The Hague is a busy place with a relaxed, independent lifestyle. Though Amsterdam is the official capital, the Hague (Den Haag in Dutch) is the Netherlands’ administrative center. The nation’s Cabinet, Legislature, Supreme Court, and Council of State all reside here, along with the king and queen.
Besides being the seat of government, the city’s also a diplomatic hub. More than 200 international organizations are headquartered here, including the International Court of Justice, the International Criminal Court, and the Organization for the Prohibition of Chemical Weapons, not to mention numerous foreign embassies and multinational corporations, such as Shell Oil.
Despite the city’s administrative and diplomatic status, the Hagenezen (residents born and raised in the city) and Hagenaars (residents born outside the city) don’t waste much time slaving away at the office. They have some of the fewest working hours in Europe. Many work part-time or freelance. Remote work may be new to the United States, but here it’s old hat. Hagenezen and Hagenaars have been working happily from cafes and kitchens for years. And when they do go into the office, few bother with suits and ties.
This same informality also extends to every other aspect of life. The Dutch are big believers in the concept of “alles mag” (everything is allowed). People here are free to live however they please, without judgment. What you do isn’t your neighbor’s concern, but neither is your wellbeing. Communities expect citizens to look after themselves. There are few rules limiting what you can do, so long as you take responsibility for it.
This type of personal freedom is one of the reasons people love living in the Hague, but it’s not the only one. People also enjoy the city’s:
Because of its diplomatic connections, the Hague has a huge community of foreign nationals, mostly Turks, Surinamese, Moroccans, Indonesians, and Poles. However, it’s likely you’ll find plenty of people from your home country as well. The enormous expat community is not only a chance to expand your horizons, it also helps new arrivals settle in. No matter where you're from, it’s easy to touch base and make friends with like-minded people. Even if you’ve traveled thousands of miles, somehow, after a few weeks, the place feels like home.
The Hague isn’t Bermuda, but its climate isn’t nearly as harsh as some of its European neighbors. Because it borders the North Sea, the city enjoys mild winters and warm summers. While there is occasional snowfall and temperature spikes, the weather here is mostly comfortable, rarely freezing cold or broiling hot.
Good schools might not be a selling point for children, but living in the Hague gives them access to one of the best education systems on the planet. All of the city’s primary schools are publicly funded. There are fees for lunch and extracurricular activities, but these are small. Most schools are set up close to the major neighborhoods, so kids can bike there on their own, rather than hitch a ride with mom and dad. What's more, they’re open to everyone, including foreigners.
Secondary schools aren’t free in the Netherlands, but their tuition is subsidized by the government so the cost is low. There are also specialty programs that teach Dutch to foreign children, in order to integrate them into the school system as quickly as possible.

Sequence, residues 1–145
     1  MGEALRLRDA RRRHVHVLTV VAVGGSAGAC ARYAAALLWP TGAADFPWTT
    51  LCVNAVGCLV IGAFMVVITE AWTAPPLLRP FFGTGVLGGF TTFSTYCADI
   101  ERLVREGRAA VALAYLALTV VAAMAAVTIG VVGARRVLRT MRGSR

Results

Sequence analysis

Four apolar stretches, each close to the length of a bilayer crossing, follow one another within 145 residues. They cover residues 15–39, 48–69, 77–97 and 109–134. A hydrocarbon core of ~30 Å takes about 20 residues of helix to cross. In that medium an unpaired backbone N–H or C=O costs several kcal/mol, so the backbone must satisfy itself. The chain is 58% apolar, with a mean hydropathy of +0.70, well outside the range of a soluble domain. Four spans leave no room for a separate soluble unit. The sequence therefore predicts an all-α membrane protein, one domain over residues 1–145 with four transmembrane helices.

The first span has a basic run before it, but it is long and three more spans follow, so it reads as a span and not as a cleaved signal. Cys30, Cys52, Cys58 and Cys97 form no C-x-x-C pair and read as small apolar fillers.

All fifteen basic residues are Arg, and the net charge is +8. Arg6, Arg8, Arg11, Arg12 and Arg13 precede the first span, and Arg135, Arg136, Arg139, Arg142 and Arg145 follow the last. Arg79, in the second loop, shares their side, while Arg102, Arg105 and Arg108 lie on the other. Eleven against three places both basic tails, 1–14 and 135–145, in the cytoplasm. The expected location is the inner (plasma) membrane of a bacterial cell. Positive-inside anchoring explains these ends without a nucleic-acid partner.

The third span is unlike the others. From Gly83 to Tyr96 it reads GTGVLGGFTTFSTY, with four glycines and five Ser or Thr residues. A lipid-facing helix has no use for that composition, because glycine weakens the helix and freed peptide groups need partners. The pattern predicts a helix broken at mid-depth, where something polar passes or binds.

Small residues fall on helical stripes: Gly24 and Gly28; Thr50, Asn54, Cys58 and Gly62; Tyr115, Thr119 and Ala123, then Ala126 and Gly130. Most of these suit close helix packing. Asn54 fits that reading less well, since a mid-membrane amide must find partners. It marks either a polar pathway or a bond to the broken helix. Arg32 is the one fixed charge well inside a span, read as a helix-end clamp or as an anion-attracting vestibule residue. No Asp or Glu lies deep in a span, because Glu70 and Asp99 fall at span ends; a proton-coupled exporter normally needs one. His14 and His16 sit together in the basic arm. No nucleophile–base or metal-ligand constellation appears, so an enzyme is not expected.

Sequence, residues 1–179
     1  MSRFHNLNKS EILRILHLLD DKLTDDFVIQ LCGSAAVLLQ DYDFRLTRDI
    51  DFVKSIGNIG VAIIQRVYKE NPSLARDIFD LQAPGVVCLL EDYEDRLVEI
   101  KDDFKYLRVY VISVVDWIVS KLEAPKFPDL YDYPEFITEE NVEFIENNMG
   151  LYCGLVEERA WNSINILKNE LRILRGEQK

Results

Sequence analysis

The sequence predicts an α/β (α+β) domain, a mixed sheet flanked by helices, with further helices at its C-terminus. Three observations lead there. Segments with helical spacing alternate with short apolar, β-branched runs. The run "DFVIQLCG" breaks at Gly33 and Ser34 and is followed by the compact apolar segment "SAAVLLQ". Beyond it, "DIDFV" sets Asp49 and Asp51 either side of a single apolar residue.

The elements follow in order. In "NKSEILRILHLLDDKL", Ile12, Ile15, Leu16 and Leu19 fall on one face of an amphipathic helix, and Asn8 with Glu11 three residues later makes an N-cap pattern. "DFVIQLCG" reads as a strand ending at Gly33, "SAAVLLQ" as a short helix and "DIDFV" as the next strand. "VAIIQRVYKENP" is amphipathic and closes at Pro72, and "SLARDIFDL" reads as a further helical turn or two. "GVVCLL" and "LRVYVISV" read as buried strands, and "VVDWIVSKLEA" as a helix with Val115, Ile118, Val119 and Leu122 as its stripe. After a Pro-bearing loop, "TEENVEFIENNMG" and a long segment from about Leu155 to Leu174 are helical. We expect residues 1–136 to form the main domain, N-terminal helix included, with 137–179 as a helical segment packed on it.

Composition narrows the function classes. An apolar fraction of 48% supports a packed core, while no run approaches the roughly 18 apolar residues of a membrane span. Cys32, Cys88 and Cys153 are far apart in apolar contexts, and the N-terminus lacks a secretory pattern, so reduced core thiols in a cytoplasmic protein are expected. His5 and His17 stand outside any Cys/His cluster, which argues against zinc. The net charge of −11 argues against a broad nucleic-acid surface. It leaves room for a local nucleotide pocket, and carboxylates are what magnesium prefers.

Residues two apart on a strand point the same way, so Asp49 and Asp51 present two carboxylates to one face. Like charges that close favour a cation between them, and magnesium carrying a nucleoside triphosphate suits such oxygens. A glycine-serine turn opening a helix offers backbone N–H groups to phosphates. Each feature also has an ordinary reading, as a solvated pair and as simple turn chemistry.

Parents planning to stay for only a few years may prefer to send their children to an international school instead. These offer classes in the student’s native language and follow the main curriculum of their home country, so after they leave, students can pick up right where they left off. Unfortunately, international schools aren’t subsidized. Tuition is paid out of pocket, but for parents who don’t intend to settle permanently in the country, the costs may be worth it.
The Hague is one of the few foreign cities where it’s not necessary to learn the national language. Practically everyone speaks English. Most are fluent, while the rest usually know enough to work out what you're saying. Because Dutch isn’t spoken much internationally, English is the Lingua Franca in the city’s business and diplomatic sectors, making it even easier for Americans to assimilate.
Ironically, or perhaps fittingly, the city housing the International Criminal Court is one of the safest in Europe. While serious crimes are almost unheard of, petty crimes such as vandalism and illegal possession do happen from time to time, though not enough to register with most Hagenezen or Hagenaars. People living in the Hague don’t look over their shoulder when they walk down the street. Parents feel safe letting their children ride their bikes alone through the streets and countryside.
Most Hagenezen and Hagenaars don’t have to go far to enjoy nature. The city has a ton of green space. But while every neighborhood has its own parks, residents go out of their way to visit:
Nightclubs are widely advertised in most cities, but in the Hague, you have to hunt for them. While the city has its share of pubs and taverns, the best ones are often tucked away. Wander down a side street and odds are you’ll encounter a drinking spot that’s survived hundreds of years or a club playing smooth jazz for select patrons.
Exploring these hidden gems makes nights here a kind of treasure hunt. Every neighborhood has its own lucky find, but there are a few spots worth seeking out, such as:
Allied’s international moving team takes the stress out of settling down overseas. We cover you door to door, making sure everything in your household is transported smoothly from your home country to your new country. Contact us today for a free quote!